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I think that heating up a gas increases the temperature of the gas. A higher temperature increases the speed of the particles in the gas.

However, there is a step missing from my answer to get full marks.

The step is that we note that a higher temperature means a higher kinetic energy. This then means a greater average speed of the particles in the gas

My question then:

Why are these two points spoken about separately? After all, is speed not kinetic energy and is kinetic energy not speed?

Would it be wrong to say that increasing the temperature increases the speed of the particles, which in turn increases their kinetic energy.

The ideal answer speaks about higher kinetic energy as if it causes higher speeds rather than higher speed causing higher kinetic energies.

Hope someone can help me clear this up

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  • $\begingroup$ So you are not sure that "heating up a gas increases the temperature of the gas"? What is the definition of "heating" if it's not "increasing the temperature"? $\endgroup$
    – nasu
    Nov 16, 2020 at 13:52
  • $\begingroup$ @nasu no I’m not sure why the logic is heating -> rise in temperature -> rise in KE -> rise in speed rather than rise in temperature -> rise in speed (-> rise in KE) $\endgroup$ Nov 16, 2020 at 14:08
  • $\begingroup$ No, the logic is not "heating -> rise in temperature ->". Heating does not cause a rise in temperature. Heating is rise in temperature. Or you have another definition of heating? What is it? $\endgroup$
    – nasu
    Nov 16, 2020 at 14:12
  • $\begingroup$ @nasu heating (e.g. providing energy) can either change the temperature of a substance or change the state of a substance. As we’re talking about a gas, only the former applies. Or do you disagree $\endgroup$ Nov 16, 2020 at 14:15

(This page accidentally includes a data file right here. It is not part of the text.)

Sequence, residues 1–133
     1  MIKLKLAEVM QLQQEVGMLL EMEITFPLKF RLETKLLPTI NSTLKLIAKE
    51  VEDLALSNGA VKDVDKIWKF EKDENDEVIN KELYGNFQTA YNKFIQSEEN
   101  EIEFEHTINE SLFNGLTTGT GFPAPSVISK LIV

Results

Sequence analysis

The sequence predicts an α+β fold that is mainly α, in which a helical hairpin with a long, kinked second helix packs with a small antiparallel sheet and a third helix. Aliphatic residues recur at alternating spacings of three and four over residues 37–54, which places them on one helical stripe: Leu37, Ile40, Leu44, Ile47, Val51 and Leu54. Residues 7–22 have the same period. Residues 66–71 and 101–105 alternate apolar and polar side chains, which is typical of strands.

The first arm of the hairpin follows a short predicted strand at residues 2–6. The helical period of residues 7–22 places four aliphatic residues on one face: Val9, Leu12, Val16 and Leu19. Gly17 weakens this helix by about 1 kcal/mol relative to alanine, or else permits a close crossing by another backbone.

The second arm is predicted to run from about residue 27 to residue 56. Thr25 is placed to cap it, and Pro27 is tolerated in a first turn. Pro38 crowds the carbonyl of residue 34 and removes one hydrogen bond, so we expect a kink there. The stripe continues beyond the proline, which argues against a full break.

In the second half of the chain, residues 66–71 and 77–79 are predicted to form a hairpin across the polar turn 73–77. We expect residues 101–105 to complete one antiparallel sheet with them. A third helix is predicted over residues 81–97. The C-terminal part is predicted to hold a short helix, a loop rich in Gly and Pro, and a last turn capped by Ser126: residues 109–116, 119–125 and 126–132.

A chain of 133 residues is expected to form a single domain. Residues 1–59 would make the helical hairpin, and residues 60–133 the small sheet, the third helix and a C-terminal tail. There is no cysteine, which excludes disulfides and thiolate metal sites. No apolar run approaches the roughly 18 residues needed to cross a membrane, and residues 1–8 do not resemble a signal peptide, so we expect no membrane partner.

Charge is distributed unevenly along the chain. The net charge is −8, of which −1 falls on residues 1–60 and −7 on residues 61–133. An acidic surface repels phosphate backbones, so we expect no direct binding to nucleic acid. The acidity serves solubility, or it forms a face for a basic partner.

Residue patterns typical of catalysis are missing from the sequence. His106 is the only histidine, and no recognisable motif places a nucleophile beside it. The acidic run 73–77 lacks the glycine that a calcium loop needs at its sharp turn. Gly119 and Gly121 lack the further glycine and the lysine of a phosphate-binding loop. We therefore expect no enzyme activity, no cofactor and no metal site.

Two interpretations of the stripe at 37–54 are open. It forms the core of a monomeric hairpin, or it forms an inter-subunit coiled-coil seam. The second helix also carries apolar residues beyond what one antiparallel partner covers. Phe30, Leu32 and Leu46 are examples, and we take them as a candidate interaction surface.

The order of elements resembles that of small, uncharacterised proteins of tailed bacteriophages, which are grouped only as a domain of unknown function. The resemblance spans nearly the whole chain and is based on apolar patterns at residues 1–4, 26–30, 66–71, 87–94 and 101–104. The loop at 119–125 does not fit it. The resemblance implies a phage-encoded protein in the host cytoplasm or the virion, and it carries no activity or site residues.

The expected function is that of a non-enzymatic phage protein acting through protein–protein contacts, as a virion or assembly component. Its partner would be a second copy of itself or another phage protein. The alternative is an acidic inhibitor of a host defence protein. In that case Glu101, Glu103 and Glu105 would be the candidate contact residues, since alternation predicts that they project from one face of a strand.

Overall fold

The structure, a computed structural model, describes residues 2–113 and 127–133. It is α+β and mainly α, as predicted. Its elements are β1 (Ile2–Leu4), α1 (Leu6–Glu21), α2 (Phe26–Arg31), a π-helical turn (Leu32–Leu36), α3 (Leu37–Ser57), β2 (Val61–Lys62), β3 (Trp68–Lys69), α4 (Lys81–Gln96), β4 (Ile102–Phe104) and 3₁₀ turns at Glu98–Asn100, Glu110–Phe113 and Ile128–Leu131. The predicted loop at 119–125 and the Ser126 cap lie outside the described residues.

• $\begingroup$ This is the reason I asked you the definition you imply. If by heating you mean "heat transfer" then I agree with you. By this definition, during boiling phase the water is still "heating". $\endgroup$
    – nasu
    Nov 16, 2020 at 14:18

2 Answers 2

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Your question suggests that you think that the temperature of the gas, the average kinetic energy of the atoms in the gas and the average speed of the atoms in the gas are three separate phenomena which are causally connected. In fact, they are three different ways of describing one and the same phenomenon. In an ideal gas, temperature, average kinetic energy and the average square speed of atoms are each proportional to each other.

Note, however, that heat and temperature are separate phenomena. You can put heat into a gas without changing its temperature - if, for example, the gas does work by expanding.

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Say it any way you like, but keep in mind that the absolute temperature is proportional to the average squared velocity.

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  • $\begingroup$ Problem is that I don’t get full marks if I say it any way I like $\endgroup$ Nov 16, 2020 at 14:54

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